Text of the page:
• Actually, victim's body was left in her own ceramics studio which contained a kiln. The perp activated the kiln to heat the room, thereby quickening decomposition, which had the effect of making it seem like she'd been killed a couple days earlier. But he also knew that the CSU and ME would be able to compensate for the effects of the kiln in their analysis if they happened to walk in while the room was still very hot, so he went back later to shut down the kiln; he opened the window to release the heat. The more ya know!

    Did Olivia or Melanie shoot Abraham in "Charisma"? 
  • Melanie did. I can see why you'd be confused because of the camera angle, but based on their reactions, and Melanie's dialogue explaining why she pulled the trigger at that particular moment, it's apparent that it's Melanie who fired the shot. That takes a careful viewing, though, because the camera isn't on Melanie when she does it.
    • I thought they intentionally tried to confuse you but ultimately it was supposed to be Melanie, except Olivia grabbed the gun by the barrel afterwards before tossing it aside. Shouldn't it have been hot to the touch if it was just fired?
      • Actually, given the situation, a little heat (or even hand burn) isn't the problem she'd be focused on.

     Seriously, why hasn't Cragen transferred Stabler and Benson out of SVU by now? 
Yeah, we know the "real" reason, but in-story it makes no sense that Cragen would keep two ticking time bombs like them on the roster. ESPECIALLY Elliot "Punch first and ask questions when forced" Stabler.
  • It may have something to do with the fact that Elliot and Olivia are the SVU's best detectives, according to both their case completion rates and at LEAST one psychiatrist who spoke to Cragen after their psychological reviews.

    Why did no one notice that Rebecca Hendrix is the World's Most Incompetent Shrink? 
  • In "Contagious", an innocent man's life is ruined, and it never seems to occur to anyone that IT IS HENDRIX'S FAULT. She's the one who browbeat a terrified nine-year-old child into making a false accusation. Into naming someone, anyone, JUST TO SHUT HENDRIX UP. And later she seems genuinely surprised to learn that a molestation victim might actually give a false answer just to put an end to the constant, endless, intolerable verbal pounding of "Who did this to you? You have to tell us! Say who did it!"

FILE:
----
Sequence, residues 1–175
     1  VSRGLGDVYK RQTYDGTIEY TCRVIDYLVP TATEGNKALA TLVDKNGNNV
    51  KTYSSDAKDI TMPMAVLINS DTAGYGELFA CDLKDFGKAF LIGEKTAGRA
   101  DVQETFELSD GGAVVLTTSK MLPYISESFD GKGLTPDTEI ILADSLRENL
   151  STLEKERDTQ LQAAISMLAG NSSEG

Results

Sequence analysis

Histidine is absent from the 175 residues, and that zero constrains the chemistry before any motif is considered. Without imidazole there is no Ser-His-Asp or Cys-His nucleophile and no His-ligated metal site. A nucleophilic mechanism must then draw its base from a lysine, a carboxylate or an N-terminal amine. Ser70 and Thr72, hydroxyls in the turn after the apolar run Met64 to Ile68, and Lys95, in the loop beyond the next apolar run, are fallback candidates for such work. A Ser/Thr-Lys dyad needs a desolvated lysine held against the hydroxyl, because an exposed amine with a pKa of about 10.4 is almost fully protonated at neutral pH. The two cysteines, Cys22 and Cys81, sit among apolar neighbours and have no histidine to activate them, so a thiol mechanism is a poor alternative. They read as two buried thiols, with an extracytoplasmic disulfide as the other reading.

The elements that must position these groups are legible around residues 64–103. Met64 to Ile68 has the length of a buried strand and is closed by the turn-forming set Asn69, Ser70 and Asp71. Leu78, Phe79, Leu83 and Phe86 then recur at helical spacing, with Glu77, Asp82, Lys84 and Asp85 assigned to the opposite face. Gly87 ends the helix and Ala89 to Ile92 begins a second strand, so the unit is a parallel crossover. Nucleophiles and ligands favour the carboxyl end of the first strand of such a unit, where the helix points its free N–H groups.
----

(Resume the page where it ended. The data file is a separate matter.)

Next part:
• Truth in Television. Raymond Buckey's life was ruined after he spent five years in prison just awaiting trial because a therapist named Kee Mac Farlane, who wasn't even a psychiatrist or a psychology Ph.D., browbeat a group of children into claiming he had molested them, and the kicker was that these children had not even been molested by anyone. Mac Farlane just decided they had been, because a few of them fit her definition of children with post-molestation trauma, something she made up after no research, and the rest of the children happened to go to school with the first few children. It was the school where Buckey worked, but many of the children who claimed he molested them (and forced them to drink blood in satanic rituals, eat excrement, killed animals in front of them, and fed them to lions that lived under the preschool, the list goes on) went to the school before Buckey worked there. Basically, Mac Farlane refused to stop questioning the children until they told her what she wanted to hear.